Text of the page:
(The Fourth of) Ten Simple Steps to a Faster Workflow in Lightroom

The fourth step is a follow on to the last one: Pick a format for naming your images, rename them after deleting all the throw aways, and never, ever deviate from your chosen format.

When you take an image, the camera assigns the image file a filename, e.g., _DSC5645.NEF and IMG_7689.CR2, and, when you import images, Lightroom uses the camera given filename for the name of the image. However, _DSC5645.NEF and IMG_7689.CR2 tell us nothing about the images; in fact, the filenames are meaningless outside of some other organizational talisman, e.g., a properly named folder. This is why it is important to name your images in some meaningful way.

A filename doesn’t need to tell you everything about the image but it does need to tell you enough to know the general subject matter, e.g., London rather than the Tower of London, and where to locate it. As before with folder names, if you name your images consistently following some standard format, you will have an easier time finding your images later.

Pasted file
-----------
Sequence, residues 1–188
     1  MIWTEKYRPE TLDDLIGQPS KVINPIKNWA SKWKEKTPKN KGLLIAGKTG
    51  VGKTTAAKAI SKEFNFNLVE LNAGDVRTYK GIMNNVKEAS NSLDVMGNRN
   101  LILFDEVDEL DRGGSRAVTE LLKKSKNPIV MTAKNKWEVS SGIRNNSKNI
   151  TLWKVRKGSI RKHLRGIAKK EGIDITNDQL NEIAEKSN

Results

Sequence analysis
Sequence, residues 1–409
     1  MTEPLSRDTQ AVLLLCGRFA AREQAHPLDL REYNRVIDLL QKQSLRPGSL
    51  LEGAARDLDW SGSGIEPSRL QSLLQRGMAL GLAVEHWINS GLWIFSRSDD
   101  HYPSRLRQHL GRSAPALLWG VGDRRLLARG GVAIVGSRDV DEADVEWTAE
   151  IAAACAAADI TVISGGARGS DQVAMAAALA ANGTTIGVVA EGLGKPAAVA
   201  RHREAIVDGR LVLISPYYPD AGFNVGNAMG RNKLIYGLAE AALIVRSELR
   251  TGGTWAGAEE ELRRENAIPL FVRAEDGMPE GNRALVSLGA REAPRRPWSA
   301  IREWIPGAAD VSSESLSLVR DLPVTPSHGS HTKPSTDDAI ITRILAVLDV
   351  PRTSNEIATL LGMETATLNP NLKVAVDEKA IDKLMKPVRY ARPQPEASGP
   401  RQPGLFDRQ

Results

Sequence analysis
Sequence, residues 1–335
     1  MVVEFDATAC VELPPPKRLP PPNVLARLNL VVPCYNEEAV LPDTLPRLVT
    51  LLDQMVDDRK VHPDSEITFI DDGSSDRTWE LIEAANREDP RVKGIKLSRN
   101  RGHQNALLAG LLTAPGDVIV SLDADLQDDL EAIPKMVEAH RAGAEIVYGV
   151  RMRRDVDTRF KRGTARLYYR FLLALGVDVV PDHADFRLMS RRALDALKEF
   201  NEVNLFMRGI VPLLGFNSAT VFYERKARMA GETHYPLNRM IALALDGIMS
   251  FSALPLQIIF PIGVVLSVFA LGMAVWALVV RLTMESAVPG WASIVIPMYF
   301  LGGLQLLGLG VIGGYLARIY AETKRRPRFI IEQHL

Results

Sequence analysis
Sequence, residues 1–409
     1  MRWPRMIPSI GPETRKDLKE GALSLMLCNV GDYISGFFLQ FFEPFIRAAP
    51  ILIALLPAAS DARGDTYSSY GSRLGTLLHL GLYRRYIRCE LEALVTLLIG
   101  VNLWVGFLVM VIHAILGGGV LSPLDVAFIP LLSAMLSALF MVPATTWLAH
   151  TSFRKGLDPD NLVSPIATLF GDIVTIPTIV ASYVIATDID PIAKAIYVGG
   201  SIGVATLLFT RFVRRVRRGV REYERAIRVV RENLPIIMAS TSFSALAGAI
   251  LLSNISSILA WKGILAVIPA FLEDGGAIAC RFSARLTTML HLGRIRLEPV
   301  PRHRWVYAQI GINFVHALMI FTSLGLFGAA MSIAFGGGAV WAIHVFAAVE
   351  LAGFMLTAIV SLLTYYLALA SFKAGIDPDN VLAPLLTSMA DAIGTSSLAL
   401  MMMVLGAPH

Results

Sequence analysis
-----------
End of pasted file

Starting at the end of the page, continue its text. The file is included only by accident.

My format is fairly simple and flows directly from how I name folders. My images are saved in a folder named with the date the images were taken and a short description, e.g., 2014-05-16_Mom’s 80th Birthday. I rename images, after importing, sorting, and deleting all the throw aways, with the date the images were taken, a short description (always the same as the folder name), my last name, and a sequence number to make each filename unique, e.g., 2014-05-16_Mom’s 80th Birthday_Zwit_0034.nef. As with folder names, the filename is created by using the four-digit year and two digit month and day the image was taken followed by a short description of the subject of the images; the hyphens and underscore are added for readability.

What this does for me is:

  1. By glancing at the filename, I instantly know something about the image, i.e., the date the image was taken and subject of the image.
  2. I can easily locate the folder containing the original image because the name of the file begins with the folder name. (I never change the name of an image when I export them from Lightroom; otherwise, this chain is broken and it can be difficult to find an image.)